Each leader’s views on ICT (sourced using #TransformAfrica2013) are summarized below. Each president has a unique approach to ICT development, but all outwardly profess that growing the ICT sector remains a priority.
— Tim Unwin (@TimUnwin) October 29, 2013
- Paul Kagame (Rwanda): The Digital Revolution that has the power to transform societies is already underway. Success belongs to those who innovate & seize available opportunities. We must understand how technology is opening up new opportunities. We want equip African youth with technology to leap-frog to where the rest of the world is. Success belongs to those who innovate and seize available opportunities. Investing in ICT is not a luxury but a necessity. In Rwanda we look at ICTs as a utility like the same way we do with water, electricity. It’s not just about making commitments, but about giving ICT its rightful place. Earmarking investment for ICT is not enough, we have to decide that we are going to do it.
— Yolande Makolo (@YolandeMakolo) October 29, 2013
- Uhuru Kenyatta (Kenya): Broadband gives ability to leapfrog & catch up with the world; brings minds, innovation & create opportunities. The railways of yesterday is broadband today. It will create opportunities. ICTs can be used to reduce corruption and enhance security. The greatest challenge that we have is that we have many competing interests & ICT is relegated to back burner. We must prioritize ICT and its relevance to transformation. ICT removes all barriers, regional, ethnicity…and create opportunities for us to develop.
- Ali Bongo (Gabon): ICT now is the priority of priorities. For every 10% increase in broadband, we realize 1.3% increase in GDP. African countries should unite to make ICT investments possible. OLPC is an important project in education; it should be extended to the rest of Africa. ICT offers numerous opportunities (e-government, e-health, e-education).
- Ibrahim Keita (Mali): Old minds can also contribute to innovation. When political will is there, you can move mountains. We are lucid, not asleep when it comes to how ICT can lead to rapid development.
- Salva Kiir (South Sudan): South Sudan must be a stable and prosperous country by 2040. South Sudan will have a fibre cable connection through Kenya. There will soon be a fifth mobile operator in the country. By creating jobs you change the life of the people – and ICTs can facilitate this. Models for innovation in South Sudan include M-Pesa and Ushahidi. Electrification and Education are top priorities for S.Sudan, and will both support and be supported by ICT. Infrastructural gaps being experienced in the 2-year-old state will be addressed soon.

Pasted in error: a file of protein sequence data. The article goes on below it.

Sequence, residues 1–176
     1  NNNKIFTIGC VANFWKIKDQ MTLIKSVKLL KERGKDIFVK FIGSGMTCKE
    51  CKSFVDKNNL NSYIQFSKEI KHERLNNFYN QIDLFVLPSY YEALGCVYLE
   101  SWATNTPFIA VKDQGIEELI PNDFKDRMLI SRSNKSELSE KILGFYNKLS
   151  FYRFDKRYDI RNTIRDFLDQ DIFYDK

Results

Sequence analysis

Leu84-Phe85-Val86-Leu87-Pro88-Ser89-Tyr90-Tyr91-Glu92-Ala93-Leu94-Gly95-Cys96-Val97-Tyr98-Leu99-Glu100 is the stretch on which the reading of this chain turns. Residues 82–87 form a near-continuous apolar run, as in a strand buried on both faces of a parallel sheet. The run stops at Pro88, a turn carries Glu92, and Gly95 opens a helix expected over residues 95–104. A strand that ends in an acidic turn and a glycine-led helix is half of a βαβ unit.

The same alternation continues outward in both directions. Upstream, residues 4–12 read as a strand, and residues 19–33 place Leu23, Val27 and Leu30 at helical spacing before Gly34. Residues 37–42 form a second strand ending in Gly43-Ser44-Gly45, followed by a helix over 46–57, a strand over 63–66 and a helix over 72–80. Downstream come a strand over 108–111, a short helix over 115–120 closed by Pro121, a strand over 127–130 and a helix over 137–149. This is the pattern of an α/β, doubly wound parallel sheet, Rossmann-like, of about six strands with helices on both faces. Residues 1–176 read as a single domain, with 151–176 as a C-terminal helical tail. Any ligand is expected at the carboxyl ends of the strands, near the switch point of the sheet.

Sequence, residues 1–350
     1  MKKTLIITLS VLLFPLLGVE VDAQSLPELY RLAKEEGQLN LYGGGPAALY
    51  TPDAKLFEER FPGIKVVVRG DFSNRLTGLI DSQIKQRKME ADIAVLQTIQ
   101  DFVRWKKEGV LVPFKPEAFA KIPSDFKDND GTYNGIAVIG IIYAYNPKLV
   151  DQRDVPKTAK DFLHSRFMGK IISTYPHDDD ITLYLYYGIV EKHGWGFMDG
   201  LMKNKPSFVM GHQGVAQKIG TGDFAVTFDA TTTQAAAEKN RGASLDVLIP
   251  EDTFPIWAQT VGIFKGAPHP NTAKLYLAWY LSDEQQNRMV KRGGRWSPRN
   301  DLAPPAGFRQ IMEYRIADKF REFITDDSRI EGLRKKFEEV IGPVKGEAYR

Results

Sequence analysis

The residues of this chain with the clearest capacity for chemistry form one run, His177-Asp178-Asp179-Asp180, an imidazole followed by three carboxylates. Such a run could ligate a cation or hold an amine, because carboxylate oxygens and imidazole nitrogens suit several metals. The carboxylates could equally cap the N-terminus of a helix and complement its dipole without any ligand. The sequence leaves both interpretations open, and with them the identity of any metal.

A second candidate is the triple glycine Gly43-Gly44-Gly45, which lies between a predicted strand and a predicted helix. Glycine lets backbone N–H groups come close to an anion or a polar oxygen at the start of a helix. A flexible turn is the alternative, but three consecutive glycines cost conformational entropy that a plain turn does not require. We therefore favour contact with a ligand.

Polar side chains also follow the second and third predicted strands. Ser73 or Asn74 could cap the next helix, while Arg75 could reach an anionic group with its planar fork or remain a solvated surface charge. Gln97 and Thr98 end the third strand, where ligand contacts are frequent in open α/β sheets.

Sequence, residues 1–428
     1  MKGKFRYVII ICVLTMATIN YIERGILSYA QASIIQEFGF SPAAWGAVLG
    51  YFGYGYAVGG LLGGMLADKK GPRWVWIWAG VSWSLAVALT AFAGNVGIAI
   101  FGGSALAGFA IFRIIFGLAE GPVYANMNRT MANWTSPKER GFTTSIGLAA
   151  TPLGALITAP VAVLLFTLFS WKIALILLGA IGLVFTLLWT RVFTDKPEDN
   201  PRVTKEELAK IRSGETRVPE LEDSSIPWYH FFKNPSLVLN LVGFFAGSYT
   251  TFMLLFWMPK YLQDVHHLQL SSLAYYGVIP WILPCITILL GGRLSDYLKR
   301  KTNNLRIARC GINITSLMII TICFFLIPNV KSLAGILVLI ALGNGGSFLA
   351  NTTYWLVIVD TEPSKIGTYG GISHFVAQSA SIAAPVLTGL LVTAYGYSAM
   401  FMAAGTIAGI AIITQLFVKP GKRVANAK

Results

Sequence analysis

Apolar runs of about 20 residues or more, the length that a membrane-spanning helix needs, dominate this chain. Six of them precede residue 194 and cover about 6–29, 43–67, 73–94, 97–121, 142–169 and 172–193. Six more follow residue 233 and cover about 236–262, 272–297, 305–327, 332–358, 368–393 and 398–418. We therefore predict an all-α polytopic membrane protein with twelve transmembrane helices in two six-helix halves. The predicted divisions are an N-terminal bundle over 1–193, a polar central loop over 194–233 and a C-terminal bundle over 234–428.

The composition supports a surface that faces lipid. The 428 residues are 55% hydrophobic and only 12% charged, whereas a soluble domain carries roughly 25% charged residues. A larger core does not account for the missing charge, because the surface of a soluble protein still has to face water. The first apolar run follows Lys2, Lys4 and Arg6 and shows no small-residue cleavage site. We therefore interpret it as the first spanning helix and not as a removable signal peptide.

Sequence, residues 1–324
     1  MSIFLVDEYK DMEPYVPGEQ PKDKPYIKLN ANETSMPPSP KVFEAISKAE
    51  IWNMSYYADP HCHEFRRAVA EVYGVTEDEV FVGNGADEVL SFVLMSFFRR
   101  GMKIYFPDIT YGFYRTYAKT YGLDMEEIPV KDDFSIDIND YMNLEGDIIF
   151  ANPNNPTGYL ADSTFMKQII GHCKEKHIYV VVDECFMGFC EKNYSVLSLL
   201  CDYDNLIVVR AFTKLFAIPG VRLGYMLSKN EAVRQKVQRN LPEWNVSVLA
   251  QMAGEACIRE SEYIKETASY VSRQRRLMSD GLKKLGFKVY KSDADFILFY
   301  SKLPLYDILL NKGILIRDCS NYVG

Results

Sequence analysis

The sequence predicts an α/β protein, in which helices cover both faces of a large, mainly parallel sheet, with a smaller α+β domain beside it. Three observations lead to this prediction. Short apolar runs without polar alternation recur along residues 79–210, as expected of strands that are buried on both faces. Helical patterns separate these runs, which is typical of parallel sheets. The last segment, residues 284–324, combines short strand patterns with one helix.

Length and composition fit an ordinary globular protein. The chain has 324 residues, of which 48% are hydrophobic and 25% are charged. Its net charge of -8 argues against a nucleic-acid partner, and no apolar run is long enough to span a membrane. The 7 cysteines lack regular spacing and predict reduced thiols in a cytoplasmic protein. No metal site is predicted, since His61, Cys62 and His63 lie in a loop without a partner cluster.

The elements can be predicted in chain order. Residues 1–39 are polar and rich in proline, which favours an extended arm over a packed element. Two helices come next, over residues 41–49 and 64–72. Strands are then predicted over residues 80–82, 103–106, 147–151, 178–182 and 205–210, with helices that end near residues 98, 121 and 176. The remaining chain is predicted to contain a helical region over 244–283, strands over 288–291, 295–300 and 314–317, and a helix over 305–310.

- Blaise Campaore (Burkina Faso): Gave thoughts on SMART Africa manifesto. Enthusiasm of African leaders like Kagame will make the ICT transformation possible.
- Yoweri Museveni (Uganda): ICT helps in identifying persons, storing & retrieving information especially in cases of multiple voting. ICT must support the development of other sectors such as agriculture. You can’t just sit in office and communicate efficiently using smartphones. Broadband exists in 32 towns out of 212 in Uganda. There are 6m smartphone users (20% of population).
Wired UK: “A report released today by the African Development Bank shows that the availability and affordability of technology is still preventing the widespread internet adoption Africa needs to catch up with the rest of the world in terms of growing a globally competitive knowledge economy.”
Republic of Rwanda: “Six Heads of States join President Kagame to discuss how ICT will drive Africa’s development”, “Single customs territory to reduce transport time from Mombasa to Kigali to 8 days from 21”, “Participants discuss the continents ICT progress and the Smart Africa Manifesto at Day 1 of Transform Africa”
YouTube: 14 videos from Transform Africa, including sessions from Days 1 & 2.
TransformAfrica website: Schedule, media, documents, etc.